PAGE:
Google VP Of Product Neal Mohan Discusses Invite Media Acquisition With

Google On Invite Media AcquisitionAs previously noted, Google announced that it has acquired demand-side platform Invite Media for a rumored $40-81 million depending on who you talk to.  In a post on the DoubleClick Advertiser Blog, VP of Product Neal Mohan said:

“The team at Invite Media has developed technology that enables advertisers and agencies to use “real time bidding” to buy display ad space, and to optimize display ad campaigns, across multiple advertising exchanges, all in a single interface.”

Later in the post, Mohan addressed specific plans including the integration of Invite Media technology into  DoubleClick for Advertisers (DFA) ad serving product.   He added, “Invite Media’s platform will of course continue to be available to any agency or advertiser, whether they use DFA or not.”

Mohan discussed with a few of the questions swirling in regards to today’s acquisition of Invite Media. Regarding today’s announcement where you state: “We’re going to continue to invest significantly in improving Invite Media’s technology and products as a separate platform and, in time, make it work seamlessly with our DoubleClick for Advertisers (DFA) ad serving product.” How is Google going to insure that Invite Media’s DSP technology does not have unfair advantage in the DoubleClick Ad exchange?

Quite simply, it’s going to be treated like any other AdX buyer.  We have extremely strong credentials and a proven track record in this area, dating from the DoubleClick acquisition.

DFA is a neutral technology that manages advertisers’ reservations-based display campaigns across websites and networks. Just as we’ve done with DFA, we’ll maintain Invite’s neutrality through its product development process and strict customer contracts, and client service being through the DFA team.

Invite Media will have the same access to Ad Exchange inventory as other DSPs and ad networks (like AdWords today). Openness and neutrality are the fundamental principles of our model.

We remain committed to providing open and neutral access to the DoubleClick Ad Exchange and to our real-time bidding API to all partners, including DSPs.  This includes an unwavering level of service and support for all of our strategic DSP partners.

We believe that this approach is most consistent with our open approach to display and will be most effective in growing the display pie for all participants.

Why should other ad exchanges and inventory sources continue to give Invite Media inventory now that they are part of Google?  The thought could be that Google could end up seeing more inventory and disintermediate the exchanges.

Definitely not part of the plan.  Invite will be like other DSPs that enable buying ad space across multiple exchanges and platforms.  Obviously, we can’t speak for other exchanges, but Invite Media represents significant demand and is a very strong partner and we hope those relationships will continue.  Our acquisition is a big validation of this space and we want to work with all exchanges and inventory sources to grow the overall ecosystem in a way that benefits everyone – publishers, advertisers and agencies, other demand side platforms and exchanges.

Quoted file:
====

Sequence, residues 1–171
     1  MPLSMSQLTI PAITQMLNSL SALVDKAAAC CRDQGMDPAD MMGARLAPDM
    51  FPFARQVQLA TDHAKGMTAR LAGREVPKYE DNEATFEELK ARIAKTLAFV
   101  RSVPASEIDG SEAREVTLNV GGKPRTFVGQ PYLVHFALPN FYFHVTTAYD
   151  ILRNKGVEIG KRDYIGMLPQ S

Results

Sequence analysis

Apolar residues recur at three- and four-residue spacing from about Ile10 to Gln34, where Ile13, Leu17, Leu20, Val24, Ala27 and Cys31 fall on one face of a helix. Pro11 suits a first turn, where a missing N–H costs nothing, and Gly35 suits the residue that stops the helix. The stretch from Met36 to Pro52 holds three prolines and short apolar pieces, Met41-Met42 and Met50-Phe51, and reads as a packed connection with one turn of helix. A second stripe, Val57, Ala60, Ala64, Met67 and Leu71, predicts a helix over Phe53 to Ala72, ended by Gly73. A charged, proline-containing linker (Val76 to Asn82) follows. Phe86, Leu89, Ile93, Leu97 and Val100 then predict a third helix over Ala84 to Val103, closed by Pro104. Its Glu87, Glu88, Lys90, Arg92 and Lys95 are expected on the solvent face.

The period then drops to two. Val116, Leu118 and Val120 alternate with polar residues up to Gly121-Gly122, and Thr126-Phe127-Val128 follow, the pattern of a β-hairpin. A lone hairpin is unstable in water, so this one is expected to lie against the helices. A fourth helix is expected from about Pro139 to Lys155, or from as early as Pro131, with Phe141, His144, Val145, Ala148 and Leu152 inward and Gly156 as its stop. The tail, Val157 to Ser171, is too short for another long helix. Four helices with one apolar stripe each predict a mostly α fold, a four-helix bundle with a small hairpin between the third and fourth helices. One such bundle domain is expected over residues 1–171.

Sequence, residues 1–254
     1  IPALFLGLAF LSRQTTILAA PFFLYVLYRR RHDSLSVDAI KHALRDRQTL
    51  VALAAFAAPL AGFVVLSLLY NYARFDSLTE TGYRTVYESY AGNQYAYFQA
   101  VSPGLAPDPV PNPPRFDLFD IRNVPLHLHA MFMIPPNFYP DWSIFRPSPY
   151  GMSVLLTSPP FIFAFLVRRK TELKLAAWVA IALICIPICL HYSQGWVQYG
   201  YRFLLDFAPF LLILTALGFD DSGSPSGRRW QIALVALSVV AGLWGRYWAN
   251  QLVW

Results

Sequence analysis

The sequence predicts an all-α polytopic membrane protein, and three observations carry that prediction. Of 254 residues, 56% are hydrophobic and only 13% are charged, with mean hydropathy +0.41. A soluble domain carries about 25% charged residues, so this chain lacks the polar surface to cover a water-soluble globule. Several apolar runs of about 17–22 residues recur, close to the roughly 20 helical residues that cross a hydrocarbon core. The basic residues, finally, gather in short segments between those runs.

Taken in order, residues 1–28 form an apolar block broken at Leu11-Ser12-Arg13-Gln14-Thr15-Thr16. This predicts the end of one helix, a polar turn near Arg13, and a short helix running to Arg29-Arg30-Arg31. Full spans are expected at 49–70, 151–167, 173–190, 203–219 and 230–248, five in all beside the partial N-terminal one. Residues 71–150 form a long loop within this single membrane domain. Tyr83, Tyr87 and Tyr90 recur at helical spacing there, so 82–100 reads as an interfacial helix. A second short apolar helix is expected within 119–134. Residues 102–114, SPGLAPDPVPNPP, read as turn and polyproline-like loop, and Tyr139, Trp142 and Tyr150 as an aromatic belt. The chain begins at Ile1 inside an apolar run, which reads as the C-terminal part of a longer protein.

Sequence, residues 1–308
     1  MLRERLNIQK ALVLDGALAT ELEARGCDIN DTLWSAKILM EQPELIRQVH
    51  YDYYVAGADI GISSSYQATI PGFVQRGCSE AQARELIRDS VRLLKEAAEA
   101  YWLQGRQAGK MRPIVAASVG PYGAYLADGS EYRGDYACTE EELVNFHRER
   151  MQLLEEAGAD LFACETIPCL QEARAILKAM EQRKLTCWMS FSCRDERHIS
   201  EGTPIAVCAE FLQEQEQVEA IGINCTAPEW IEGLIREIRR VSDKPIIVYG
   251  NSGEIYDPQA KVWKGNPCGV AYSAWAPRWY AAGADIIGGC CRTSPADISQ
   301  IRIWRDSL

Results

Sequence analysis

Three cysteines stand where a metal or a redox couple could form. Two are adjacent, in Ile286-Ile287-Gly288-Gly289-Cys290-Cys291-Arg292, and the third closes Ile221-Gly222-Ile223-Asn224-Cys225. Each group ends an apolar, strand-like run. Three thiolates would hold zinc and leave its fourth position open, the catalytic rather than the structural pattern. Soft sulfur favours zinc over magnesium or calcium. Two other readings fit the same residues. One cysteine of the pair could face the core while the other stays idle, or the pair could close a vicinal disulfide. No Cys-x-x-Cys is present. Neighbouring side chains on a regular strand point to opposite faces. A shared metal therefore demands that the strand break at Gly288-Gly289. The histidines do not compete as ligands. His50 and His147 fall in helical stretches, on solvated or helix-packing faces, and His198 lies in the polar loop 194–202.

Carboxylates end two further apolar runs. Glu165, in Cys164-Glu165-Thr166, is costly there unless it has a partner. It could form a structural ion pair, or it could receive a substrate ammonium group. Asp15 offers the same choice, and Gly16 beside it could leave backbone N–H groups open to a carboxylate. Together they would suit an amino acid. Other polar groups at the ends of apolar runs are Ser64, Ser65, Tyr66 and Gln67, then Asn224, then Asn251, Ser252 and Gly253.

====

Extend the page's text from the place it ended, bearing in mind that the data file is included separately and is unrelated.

Do you view real-time bidding as the new open standard for biddable digital media?

You won’t be surprised to hear that we’re massive evangelists.  We managed to speak to many in the industry yesterday before we announced this and people saw this being a massive vote of confidence in the real-time bidding ecosystem.  It’s very early days but real time bidding is clearly becoming a central part of advertisers’ and agencies’ media buying strategies. We’re investing in AdX’s real time bidder, Invite’s buyer platform and we’ve got a very ambitious roadmap on the sell-side side too, to help major publishers take better advantage of the real-time trend.

What do you say to your media buying partners – such as agencies – that are concerned Google is already too powerful in the advertising relationship?

We actually haven’t heard that concern – to the contrary, agencies are excited about the possibilities of bringing Google’s technology to Invite’s bidding platform.  Many of them actually asked us to make this exact sort of investment.  This acquisition actually will empower agencies.  Just like DFA helps agencies manage and optimize reservations-based display campaigns across websites and networks,  Invite will help them manage and optimize auction-based campaigns across exchanges.

Does the Invite Media technology or a version of it get looped into AdWords at some point?

There are no plans for that right now.

What happens to the Invite Media team?  Will Nat Turner continue to lead the development of the Invite Media DSP?

We bought Invite because we like their technology and we like their team. Nat and team will continue to be central to leading development on the platform.

By John Ebbert

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